By Russ Wege
For The Daily Gazette
The Capital District area was fortunate, as we did not receive the rainfall forecast by the National Weather Service from Tropical Storm Henri over the weekend.
Emergency managers and people living in the flood prone areas of Schenectady and Scotia can relax — for the time being.
The New York State Power Authority, Canal Division, properly preempted the Henri event forecast by draining several reservoir pools beginning with Lock 8 westward from the Schenectady/Scotia area.
This action would have reduced the flood crest by allowing the river to flow in its natural channel.
That did not happen during the Irene event 10 years ago when these canal structures caused additional flooding.
It is unfortunate that the state did not construct gates in the Vischer Ferry Dam that forms Lock 7 and creates the 10.3-mile pool involving Schenectady and Scotia.
The Vischer Ferry Dam, completed in 1914, changed river hydraulics and increased flooding in the Schenectady/Scotia area.
Acknowledgment that the dam created flooding problem dates back to the 1920s.
The problem was ignored for many years.
The Army Corps of Engineers looked at the problem in the 1960’s and identified a limited solution by designing a levee system that would protect the Stockade area, only to have the project rejected by the city for environmental reasons in 1975.
Mr. Jim Duggan and I have lobbied first the Thruway Authority (which administered the Canal Corporation) and the Power Authority to seriously address the flooding impact from the Vischer Ferry Dam for many years.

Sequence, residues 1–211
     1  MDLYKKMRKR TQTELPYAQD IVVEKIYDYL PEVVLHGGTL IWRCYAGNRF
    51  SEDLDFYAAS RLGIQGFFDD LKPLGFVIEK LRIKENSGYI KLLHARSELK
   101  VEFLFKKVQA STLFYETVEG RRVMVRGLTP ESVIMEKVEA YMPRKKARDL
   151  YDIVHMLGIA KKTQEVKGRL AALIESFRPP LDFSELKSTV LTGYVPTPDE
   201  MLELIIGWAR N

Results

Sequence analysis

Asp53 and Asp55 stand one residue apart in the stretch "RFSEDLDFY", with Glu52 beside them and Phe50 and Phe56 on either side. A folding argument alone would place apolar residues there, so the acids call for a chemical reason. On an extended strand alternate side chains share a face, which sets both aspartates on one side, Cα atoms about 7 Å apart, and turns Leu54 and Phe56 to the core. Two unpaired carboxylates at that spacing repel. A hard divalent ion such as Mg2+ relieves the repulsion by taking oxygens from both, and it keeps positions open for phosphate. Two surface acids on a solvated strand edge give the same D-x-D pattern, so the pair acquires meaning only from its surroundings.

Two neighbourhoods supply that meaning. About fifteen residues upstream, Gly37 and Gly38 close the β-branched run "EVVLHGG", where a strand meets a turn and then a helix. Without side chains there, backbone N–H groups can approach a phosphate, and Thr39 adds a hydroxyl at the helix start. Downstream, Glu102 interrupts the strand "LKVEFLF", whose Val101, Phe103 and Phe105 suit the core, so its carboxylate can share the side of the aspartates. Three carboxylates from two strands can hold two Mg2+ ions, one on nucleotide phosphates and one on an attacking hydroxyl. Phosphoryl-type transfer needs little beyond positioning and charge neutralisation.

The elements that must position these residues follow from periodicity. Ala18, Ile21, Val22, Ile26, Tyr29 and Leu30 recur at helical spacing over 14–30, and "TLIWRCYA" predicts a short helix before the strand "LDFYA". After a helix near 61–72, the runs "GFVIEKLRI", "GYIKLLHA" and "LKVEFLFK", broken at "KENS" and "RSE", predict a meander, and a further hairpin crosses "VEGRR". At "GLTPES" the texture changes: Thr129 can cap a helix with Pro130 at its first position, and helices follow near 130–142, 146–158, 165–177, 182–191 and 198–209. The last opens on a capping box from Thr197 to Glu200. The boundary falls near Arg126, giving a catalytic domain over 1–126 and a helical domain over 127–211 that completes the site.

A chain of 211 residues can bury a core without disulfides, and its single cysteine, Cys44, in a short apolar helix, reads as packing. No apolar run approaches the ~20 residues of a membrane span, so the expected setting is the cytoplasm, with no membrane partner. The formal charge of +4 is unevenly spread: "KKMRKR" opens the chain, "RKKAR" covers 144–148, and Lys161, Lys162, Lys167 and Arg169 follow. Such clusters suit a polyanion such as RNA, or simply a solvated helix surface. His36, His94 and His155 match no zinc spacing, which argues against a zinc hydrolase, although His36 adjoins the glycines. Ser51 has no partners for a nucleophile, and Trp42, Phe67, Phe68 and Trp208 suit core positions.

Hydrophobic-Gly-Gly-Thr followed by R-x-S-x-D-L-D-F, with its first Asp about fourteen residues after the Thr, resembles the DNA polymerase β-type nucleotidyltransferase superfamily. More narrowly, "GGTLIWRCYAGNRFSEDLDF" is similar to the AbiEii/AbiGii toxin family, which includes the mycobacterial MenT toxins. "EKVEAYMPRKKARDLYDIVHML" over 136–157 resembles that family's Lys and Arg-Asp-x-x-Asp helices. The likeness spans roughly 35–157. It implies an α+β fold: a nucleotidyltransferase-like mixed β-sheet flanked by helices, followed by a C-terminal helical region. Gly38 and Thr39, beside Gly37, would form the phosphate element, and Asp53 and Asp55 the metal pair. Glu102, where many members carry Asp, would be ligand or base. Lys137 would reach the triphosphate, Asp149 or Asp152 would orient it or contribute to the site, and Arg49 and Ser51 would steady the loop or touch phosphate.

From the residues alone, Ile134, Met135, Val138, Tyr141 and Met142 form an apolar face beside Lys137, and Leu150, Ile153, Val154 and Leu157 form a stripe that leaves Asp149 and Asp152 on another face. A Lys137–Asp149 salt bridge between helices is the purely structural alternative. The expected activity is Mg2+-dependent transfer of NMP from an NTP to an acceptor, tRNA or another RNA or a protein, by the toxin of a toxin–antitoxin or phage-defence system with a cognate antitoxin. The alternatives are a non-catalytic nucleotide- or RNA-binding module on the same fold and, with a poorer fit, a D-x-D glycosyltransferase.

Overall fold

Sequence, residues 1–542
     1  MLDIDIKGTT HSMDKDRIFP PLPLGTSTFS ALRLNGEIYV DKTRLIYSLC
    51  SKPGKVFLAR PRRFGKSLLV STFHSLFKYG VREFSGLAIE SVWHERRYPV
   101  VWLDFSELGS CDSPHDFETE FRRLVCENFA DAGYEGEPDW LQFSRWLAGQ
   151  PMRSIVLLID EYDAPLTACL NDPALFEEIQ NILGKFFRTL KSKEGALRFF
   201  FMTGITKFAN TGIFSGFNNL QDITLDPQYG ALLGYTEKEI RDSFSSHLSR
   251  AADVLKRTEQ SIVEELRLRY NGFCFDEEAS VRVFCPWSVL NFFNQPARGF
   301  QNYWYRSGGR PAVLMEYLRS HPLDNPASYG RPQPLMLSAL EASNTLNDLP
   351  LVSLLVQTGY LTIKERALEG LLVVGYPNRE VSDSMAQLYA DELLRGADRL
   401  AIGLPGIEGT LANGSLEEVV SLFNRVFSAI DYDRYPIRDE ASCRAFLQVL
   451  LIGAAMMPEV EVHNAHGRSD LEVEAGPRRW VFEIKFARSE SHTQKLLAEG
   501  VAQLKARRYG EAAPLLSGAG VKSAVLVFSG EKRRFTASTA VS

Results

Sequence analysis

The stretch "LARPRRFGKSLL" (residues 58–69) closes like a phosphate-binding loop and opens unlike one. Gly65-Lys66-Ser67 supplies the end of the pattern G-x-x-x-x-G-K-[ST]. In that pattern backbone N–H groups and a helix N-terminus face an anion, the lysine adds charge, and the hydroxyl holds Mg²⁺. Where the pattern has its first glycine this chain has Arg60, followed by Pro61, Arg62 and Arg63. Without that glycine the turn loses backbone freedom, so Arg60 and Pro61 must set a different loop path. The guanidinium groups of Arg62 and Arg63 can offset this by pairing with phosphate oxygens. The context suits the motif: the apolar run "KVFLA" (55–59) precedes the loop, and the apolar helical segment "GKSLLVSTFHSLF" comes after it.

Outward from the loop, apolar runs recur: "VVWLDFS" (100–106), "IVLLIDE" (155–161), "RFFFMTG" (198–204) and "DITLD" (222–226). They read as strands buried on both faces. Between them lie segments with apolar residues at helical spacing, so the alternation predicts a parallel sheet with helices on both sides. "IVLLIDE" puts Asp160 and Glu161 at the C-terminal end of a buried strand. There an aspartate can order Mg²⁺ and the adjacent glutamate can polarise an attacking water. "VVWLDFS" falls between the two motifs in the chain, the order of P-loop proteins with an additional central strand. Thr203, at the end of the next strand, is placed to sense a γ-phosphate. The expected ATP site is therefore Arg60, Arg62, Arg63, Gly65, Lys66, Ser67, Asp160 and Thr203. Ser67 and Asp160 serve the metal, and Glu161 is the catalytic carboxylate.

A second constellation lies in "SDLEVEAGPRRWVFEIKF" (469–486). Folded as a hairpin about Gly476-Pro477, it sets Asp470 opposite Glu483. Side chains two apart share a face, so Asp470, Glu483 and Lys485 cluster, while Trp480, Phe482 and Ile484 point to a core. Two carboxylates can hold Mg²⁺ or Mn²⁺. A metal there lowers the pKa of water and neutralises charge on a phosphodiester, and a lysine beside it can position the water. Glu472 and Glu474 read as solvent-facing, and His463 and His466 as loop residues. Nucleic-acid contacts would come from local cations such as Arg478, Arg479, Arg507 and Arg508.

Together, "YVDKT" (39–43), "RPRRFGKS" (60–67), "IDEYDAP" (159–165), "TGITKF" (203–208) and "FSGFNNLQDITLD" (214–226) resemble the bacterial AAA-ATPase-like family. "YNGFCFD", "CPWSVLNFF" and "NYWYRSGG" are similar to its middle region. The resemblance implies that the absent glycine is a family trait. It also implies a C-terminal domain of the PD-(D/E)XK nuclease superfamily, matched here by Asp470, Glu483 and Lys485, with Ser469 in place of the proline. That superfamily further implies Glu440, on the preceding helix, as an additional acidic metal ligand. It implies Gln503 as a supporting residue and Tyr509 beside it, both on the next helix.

Our efforts range from being ignored to have been listened to then ignored.
Preliminary studies suggest that the dam has only a minor effect on flood elevations in the Schenectady/Scotia area.
These studies assume that the Dam remains unchanged.
No study has been made assuming gates were installed in the dam allowing the pool to be drawn down prior to a forecast flooding event.
A gated system in the 2,000-foot spillway would partly restore original river hydraulics and therefore, more efficiently pass flood flows, significantly reducing flood elevations in the Schenectady/Scotia area.
Perhaps the last hope to address this problem is through the relicensing studies for the hydro plant in the Vischer Ferry Dam.
Ice jam issues will be investigated in these studies. I do not know if my suggested study will be included in the final report.
In addition, I am convinced that if the pool can be drawn down during the winter months,.
For every foot of pool drawdown is a one-foot reduction in ice jam flooding in the Schenectady/Scotia area.
Modifying this 100-year dam is expensive.
But raising the neighborhood of the Stockade area is also expensive and will have a negative environmental impact on the historic district of the city.
Russ Wege of Glenville is a retired engineer.